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Saints come in groups

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Have you ever noticed that saints seem to come in groups? The classic example of this is St. Augustine, who was moved to conversion by St. Anselm’s kindness and preaching. But can you imagine five saints in the same city at the same time? I recently learned that Sts. Turibius, Rose of Lima, Martin de Porres, John Macías and Francis Solano all lived in Lima, Peru, in the early 1600s.

I wondered what that would be like — a pair of saints who know each other or a whole string of saints who serve God in the same place at the same time.

I got to experience a small taste of what holy friendships can do during my time in graduate school in Ohio. Next door to where I worked and took classes was the campus Newman Center, where I became friends with people who were alive with the Catholic faith and on fire for Jesus, a new concept to me at the time.

When I graduated from college, I knew a lot about the faith. I had learned a lot of facts about God and truth. But on some level, I was just going through the motions. I had a lot of “head knowledge,” but it had not made its way down to my heart. The first thing I noticed about these new acquaintances was that they talked about Jesus a lot. A lot. After getting to know them, the thought flickered in my mind that these people really loved Jesus, maybe even more than I did, and that’s why they kept talking about him. The things people say are reflective of what’s going on in their head.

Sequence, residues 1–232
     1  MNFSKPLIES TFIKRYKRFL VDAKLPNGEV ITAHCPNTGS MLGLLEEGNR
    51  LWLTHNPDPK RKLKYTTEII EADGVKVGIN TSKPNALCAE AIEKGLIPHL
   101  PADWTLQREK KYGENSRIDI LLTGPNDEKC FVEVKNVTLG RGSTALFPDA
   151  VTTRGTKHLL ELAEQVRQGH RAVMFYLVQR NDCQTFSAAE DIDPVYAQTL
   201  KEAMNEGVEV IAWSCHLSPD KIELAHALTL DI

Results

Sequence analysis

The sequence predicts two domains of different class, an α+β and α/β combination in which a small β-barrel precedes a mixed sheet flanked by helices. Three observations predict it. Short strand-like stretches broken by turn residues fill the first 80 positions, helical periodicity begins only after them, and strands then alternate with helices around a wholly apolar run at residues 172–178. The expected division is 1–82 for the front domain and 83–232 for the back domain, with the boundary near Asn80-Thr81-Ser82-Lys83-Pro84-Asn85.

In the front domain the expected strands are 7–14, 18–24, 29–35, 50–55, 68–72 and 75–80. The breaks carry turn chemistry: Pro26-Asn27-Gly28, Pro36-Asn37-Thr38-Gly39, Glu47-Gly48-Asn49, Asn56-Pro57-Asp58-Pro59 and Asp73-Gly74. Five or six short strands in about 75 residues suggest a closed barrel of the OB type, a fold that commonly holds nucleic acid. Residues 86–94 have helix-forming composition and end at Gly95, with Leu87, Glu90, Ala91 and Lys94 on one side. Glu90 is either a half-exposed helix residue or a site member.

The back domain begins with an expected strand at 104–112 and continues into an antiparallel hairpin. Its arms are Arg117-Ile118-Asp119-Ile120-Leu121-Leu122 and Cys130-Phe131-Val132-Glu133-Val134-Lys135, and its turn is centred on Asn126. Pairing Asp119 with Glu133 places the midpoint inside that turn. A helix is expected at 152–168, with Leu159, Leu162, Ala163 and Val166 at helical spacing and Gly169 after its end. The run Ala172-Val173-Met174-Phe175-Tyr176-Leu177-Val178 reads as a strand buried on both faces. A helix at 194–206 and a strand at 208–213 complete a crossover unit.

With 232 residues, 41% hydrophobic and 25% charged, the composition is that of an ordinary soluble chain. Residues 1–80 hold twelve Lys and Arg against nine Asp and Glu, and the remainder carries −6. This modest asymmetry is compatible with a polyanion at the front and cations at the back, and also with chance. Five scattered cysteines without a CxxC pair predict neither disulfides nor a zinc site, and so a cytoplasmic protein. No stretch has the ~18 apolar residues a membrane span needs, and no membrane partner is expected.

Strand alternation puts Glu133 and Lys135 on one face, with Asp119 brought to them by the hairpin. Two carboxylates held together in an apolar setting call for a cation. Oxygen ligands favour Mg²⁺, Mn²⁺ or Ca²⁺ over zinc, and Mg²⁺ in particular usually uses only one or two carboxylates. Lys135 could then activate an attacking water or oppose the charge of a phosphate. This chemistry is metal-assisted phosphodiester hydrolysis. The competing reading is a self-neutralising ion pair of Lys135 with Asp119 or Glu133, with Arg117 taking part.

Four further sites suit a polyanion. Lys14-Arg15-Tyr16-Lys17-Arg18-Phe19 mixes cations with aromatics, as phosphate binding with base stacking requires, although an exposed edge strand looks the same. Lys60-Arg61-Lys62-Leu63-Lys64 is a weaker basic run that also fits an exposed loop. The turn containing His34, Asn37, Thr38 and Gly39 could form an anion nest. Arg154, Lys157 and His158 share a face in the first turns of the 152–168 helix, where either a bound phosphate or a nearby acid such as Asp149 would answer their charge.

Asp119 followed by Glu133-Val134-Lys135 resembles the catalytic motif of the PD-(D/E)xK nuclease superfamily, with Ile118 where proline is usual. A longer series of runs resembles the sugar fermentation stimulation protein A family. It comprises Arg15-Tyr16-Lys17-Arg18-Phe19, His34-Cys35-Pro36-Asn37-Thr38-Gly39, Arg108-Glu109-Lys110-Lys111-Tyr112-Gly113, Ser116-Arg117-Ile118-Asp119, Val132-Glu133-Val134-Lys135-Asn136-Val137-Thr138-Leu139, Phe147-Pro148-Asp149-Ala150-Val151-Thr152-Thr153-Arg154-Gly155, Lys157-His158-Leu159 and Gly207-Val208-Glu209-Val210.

This realization made me take a good look at myself and my spiritual life. I knew that I wanted what they had, which was a personal relationship with Jesus Christ. But how to start? Thanks to their influence, I began the practice of adoration. I would go to the little chapel attached to the Newman Center after work and just talk to God about my day for a few minutes. That is how you build relationships after all. Thus began a new stage in my spiritual life, where God began to draw my attention from my abstract idea of him toward the reality of who he really is.

God placed these people in my life and used holy friendships to draw me closer to him. We are not meant to be alone; we are all part of the mystical body of Christ and we need each other, as we need to be connected to Christ.

Are there holy people around you he is asking you to learn from? Is there someone he is asking you to bring closer to him?

Meyerhofer, who is from Our Lady of Hope Church in Potomac Falls, is in his second year of pre-theology at St. Charles Borromeo Seminary in Wynnewood, Pa.

© Arlington Catholic Herald 2021